Andy Murray’s hopes of a first French Open title remain intact after he pulled off another great escape against Radek Stepanek.
The world number two recovered to win a match from two sets down for the eighth time in his career, beating 37-year-old qualifier Stepanek 3-6 3-6 6-0 6-3 7-5.
Murray, whose last first-round exit at a grand slam was more than eight years ago, lost the first two sets when the match began on Monday but had turned things around and led 4-2 in the fourth when darkness brought an end to play.
He had no trouble polishing off that set but the fifth was hugely tense and at one point Stepanek was two points away from victory.
But Murray held firm and then took advantage of the first drop in his opponent’s level to clinch victory after three hours and 41 minutes.
The 29-year-old, who now plays Frenchman Mathias Bourgue, paid tribute to Stepanek, saying: “It’s unbelievable what he’s doing.
“He had an extremely bad injury last year and still at 37 coming out and fighting like that, playing that way, it’s unbelievable. I don’t expect to be doing that myself at that age. I’m just glad I managed to get through.
“He’s always been extremely difficult to play. I wasn’t able to dictate many of the points, I wasn’t in a great rhythm, and that’s credit to him and the way that he played. I fought extremely hard today and I’ll get a chance to play again tomorrow.”
Murray had the momentum on Monday having won 10 of the last 12 games but the overnight break allowed Stepanek to regroup and refresh.
The Czech, looking to become the oldest man to win a grand slam singles match since Jimmy Connors at the US Open in 1992, had played brilliantly for two sets on Monday.
He has caused Murray plenty of problems in the past, beating him at Queen’s Club in 2014 and taking a set off him at the Madrid Open earlier this month.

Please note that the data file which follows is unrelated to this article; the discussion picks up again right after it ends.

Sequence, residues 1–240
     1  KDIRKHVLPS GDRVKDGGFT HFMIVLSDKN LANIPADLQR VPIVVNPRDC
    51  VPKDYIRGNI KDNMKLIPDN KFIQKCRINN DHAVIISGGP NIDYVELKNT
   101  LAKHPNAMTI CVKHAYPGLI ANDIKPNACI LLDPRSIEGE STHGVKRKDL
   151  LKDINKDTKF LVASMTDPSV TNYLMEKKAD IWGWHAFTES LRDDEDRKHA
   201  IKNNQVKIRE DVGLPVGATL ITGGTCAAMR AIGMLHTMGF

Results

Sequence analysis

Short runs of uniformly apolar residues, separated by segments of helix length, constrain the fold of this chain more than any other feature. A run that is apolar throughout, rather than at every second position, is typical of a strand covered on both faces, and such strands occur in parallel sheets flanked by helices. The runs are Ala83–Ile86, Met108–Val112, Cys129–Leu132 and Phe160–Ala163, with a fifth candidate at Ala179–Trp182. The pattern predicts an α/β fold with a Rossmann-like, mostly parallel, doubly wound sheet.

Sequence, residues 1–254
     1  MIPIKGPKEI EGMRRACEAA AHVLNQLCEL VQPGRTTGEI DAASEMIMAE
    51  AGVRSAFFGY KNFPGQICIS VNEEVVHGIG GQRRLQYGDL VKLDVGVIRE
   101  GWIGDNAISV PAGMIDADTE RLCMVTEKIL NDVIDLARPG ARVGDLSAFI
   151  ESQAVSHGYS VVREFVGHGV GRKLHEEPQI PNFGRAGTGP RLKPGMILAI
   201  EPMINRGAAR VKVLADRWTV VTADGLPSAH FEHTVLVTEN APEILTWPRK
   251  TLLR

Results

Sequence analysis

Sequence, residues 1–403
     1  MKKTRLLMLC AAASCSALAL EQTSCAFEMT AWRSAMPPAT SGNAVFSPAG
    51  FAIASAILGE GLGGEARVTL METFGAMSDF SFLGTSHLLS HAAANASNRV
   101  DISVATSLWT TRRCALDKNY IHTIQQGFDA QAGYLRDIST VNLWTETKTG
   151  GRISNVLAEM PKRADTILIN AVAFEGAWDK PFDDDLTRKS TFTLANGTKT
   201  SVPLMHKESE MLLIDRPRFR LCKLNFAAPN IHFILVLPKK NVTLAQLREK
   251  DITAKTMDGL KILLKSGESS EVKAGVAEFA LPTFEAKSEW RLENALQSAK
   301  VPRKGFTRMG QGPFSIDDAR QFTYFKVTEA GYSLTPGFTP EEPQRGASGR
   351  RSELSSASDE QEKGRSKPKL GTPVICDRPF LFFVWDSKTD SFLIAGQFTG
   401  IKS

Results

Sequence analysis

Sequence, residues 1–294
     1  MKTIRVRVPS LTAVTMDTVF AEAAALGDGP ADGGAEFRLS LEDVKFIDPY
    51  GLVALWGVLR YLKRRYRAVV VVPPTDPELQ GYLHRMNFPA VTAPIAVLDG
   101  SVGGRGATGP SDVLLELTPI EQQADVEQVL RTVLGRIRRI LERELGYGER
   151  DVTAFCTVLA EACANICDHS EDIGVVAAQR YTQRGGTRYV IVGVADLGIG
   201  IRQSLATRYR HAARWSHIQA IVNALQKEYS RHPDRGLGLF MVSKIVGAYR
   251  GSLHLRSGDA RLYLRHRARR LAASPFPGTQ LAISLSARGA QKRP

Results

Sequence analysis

At least the scoreline gave Murray a little cushion that he would not have had had he won the fourth set on Monday, setting up a one-set shoot-out.
It looked like he might need it when Stepanek created two break points in the opening game but this time Murray saved them despite grumbling at the umpire about the crowd and the overhead camera.
He had a set point on Stepanek’s serve, which the Czech saved, but Murray took his third chance and walked back to his chair with fist aloft.
Stepanek is well known for his ability to wind up opponents both with his canny play and on-court antics, and after withstanding Murray pressure in the opening game of the decider he whipped up the crowd.
Murray gestured towards his box in frustration but the conditions at least were not quite as heavy, although it remained cool and overcast, and he was able to dictate more of the points.
The Scot was able to threaten the Stepanek serve but not break, with the world number 128 doing a superb job of hanging on, pushing Murray’s level of anxiety skyward.
When Stepanek held for 5-4, Murray had to serve to stay in the tournament. The Czech threw everything at his opponent as the pair traded fizzing groundstrokes but deuce was as close as he got.
The effort of that appeared to affect Stepanek in his next service game as for the first time he buckled and Murray broke.
That left the Scot serving for the match. Still it was not straightforward and Murray double-faulted on his first match point, but on his second Stepanek netted a volley and a relieved Murray held his arms in the air.
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